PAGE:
Coastal Science & Policy Program celebrates five years at UC Santa Cruz

Director Anne Kapuscinski reflects on what has been a “very exciting adventure” and looks ahead to the future

The Coastal Science and Policy Program's 2023 graduating class.
Jamal Galves graduated from the CSP Program in 2023

When a forward-thinking group of UC Santa Cruz faculty began envisioning a new opportunity to train rising leaders in coastal conservation, innovation, and climate solutions, they knew exactly who they wanted at the program’s helm.

Anne Kapuscinski is an interdisciplinary scholar committed to finding scientifically and socially robust solutions to issues affecting coastal communities. She was the natural fit to lead the new Coastal Science and Policy (CSP) graduate program which offers a two-year master of science degree and a PhD designated emphasis.

Kapuscinski, whose research has included examining the impacts of dams, fish hatcheries, aquaculture, and genetic engineering on fish conservation, is a leader in sustainability science and shifting aquaculture—the world’s fastest-growing food sector—towards enhancing food diversity and climate resiliency in coastal regions. She has served as a scientific advisor at the national and global level and currently chairs the Board of Directors of the Union of Concerned Scientists.

Since joining UCSC in 2018, Kapuscinski has led six cohorts through the inaugural years of CSP. The program prepares rising leaders to identify, innovate, and implement scalable and socially just solutions to climate, biodiversity, and other sustainability challenges in coastal zones around the world.

The start of something new

Kapuscinski was more than keen to join the new endeavor at UCSC, the first of its kind in the UC system. She had led two programs with interdisciplinary goals like CSP at previous institutions but both lacked the central focus that CSP has on using interdisciplinary approaches to design and implement practical solutions. She was excited to see what kind of an impact that the practical focus, close collaboration with practitioners, and global scope of CSP could make.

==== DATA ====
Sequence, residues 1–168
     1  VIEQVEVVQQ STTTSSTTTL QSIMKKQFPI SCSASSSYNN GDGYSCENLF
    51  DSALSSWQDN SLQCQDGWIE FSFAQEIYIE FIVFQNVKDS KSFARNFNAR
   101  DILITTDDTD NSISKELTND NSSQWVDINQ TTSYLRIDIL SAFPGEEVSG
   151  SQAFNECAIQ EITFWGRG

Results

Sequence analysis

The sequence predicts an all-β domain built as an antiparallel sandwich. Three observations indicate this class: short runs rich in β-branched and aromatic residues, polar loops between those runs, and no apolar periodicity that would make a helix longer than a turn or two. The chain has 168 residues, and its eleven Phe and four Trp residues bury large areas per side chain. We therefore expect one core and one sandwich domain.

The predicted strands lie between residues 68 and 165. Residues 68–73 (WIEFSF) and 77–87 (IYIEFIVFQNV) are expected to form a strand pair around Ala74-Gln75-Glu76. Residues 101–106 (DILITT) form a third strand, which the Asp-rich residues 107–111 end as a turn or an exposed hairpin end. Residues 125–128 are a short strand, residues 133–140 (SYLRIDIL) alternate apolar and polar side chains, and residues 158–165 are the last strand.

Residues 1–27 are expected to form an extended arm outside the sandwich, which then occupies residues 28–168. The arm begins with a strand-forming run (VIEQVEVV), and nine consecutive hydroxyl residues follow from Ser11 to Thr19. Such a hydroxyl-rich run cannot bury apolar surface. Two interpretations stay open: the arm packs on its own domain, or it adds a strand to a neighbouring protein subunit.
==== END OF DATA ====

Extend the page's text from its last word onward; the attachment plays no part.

“I was inspired by the opportunity to lead, teach, and mentor in a graduate program with a deep-change structure to it, and that has this more ‘out-of-the-box’ way of thinking about advancing solutions,” she says. For example, under her leadership, CSP launched the nation’s first Hacking for Oceans course, where graduate and undergraduate students use Lean Startup methods to solve actual problems facing ocean focused organizations.

The CSP program uses a cohort structure to provide in-depth mentorship and a collaborative space for its students, most of whom have worked professionally before starting graduate studies. The students in each cohort work together through coursework over the first year and then conduct individual  capstone projects with a partner organization either locally, elsewhere in the US, or abroad for the second year. This can include work with nationally recognized or globally recognized organizations as well as organizations that the students had worked with before their time at UCSC.

The cohort structure has led to students deeply bonding over both their singular and collective projects to advance solutions to complex coastal challenges. For example, they have addressed issues such as conserving marine biodiversity, shifting fishing and aquaculture to sustainability, and enhancing coastal climate resilience while improving equity.

One of the added benefits of the cohort structure is the transformative learning and new connections that emerge from a supportive community with high diversity, reflected among the program’s students, their past professional standings, and their projects. Kapuscinski notes that this aspect—an opportunity for students from the U.S. to work with and learn from students from Belize, Indonesia, and Malawi, for instance—has made the program all the more competitive with other renowned universities.

“As the director, but also as someone learning along with our students and our faculty, I have found that to be one of the most rewarding aspects of the program,” Kapuscinski said. “I can genuinely say I have learned so much more myself, from being in a community and leading a community of students with such great diversity of lived and professional experiences at the table.”

Building community along the coast

The program has trained 78 students thus far, representing 23 nations including the US. Their successes have proven that CSP serves as a stepping stone to advancing their careers and discovering solutions to environmental issues. Since 2020, CSP also has extended its impact by running the Blue Pioneers Accelerator Program, enhancing innovation skills and collaborative networks of  82 early career, marine conservation working professionals from the Asia Pacific region.